A two-year legal case against the leader of Peru’s Amazon Indian organisation has been shelved.
Alberto Pizango was forced into exile following violent clashes between indigenous protesters and police in June 2009 which left 33 dead.
Violence broke out after months of social unrest over new government legislation that Indians feared would undermine their rights to their land.
Pizango was accused of “sedition, conspiracy and rebellion” but this month Judge Oscar Atilio Quispe Cama announced the charges were to be shelved.
Cases against other indigenous leaders Marcial Mudarra Taki, Saúl Puerta Peña, Cervando Puerta Peña and Teresita Antazú López have also been dropped.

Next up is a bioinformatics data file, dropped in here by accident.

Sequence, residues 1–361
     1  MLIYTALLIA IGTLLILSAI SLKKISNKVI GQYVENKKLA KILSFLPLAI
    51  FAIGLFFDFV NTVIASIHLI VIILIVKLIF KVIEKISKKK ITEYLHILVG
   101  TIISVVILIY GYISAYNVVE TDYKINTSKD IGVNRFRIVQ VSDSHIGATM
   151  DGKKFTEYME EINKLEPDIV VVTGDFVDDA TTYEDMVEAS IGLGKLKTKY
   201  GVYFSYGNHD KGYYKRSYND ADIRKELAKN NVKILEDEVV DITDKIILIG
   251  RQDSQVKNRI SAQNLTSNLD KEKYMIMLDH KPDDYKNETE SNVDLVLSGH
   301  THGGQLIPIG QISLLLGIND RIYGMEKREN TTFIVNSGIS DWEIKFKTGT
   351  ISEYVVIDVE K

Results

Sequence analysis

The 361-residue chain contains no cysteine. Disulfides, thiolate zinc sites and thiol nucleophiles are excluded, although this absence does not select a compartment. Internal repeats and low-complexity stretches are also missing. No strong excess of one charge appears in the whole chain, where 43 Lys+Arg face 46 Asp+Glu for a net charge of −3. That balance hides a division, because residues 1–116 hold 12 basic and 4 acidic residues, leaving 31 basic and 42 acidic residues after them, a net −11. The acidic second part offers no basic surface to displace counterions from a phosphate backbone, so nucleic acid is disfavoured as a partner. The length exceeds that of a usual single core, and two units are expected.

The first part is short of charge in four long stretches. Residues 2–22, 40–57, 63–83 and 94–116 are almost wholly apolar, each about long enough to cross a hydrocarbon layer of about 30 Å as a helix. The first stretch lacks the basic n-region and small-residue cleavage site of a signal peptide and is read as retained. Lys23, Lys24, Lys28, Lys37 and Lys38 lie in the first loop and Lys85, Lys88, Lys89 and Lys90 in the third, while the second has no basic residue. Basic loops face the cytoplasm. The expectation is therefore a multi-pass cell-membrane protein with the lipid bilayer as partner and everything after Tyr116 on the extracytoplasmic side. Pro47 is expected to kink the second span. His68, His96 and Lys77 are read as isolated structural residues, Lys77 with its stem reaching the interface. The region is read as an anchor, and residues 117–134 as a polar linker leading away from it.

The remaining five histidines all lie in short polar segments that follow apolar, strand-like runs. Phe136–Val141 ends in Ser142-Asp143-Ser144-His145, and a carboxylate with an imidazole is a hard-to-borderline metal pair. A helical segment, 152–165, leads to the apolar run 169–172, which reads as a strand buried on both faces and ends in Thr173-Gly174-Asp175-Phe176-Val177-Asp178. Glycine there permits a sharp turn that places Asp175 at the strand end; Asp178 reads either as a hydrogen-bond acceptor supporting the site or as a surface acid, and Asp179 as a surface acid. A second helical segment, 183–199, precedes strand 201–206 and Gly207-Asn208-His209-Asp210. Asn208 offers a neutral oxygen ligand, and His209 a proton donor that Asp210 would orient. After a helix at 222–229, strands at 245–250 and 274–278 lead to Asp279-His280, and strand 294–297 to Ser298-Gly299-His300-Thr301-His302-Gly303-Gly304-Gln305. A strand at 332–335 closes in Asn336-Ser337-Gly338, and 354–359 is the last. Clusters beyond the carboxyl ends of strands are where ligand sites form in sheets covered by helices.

In April, three senior police and army officers were charged in connection with the massacre in Peru’s northern Amazon region of Bagua.
Survival International’s Director, Stephen Corry, said today, “The court’s decision will come as a great relief for the Indians and all those who have fought for their integrity. But the underlying problems at the root of this terrible event remain: Indian land is still being targeted for development projects without their consent.”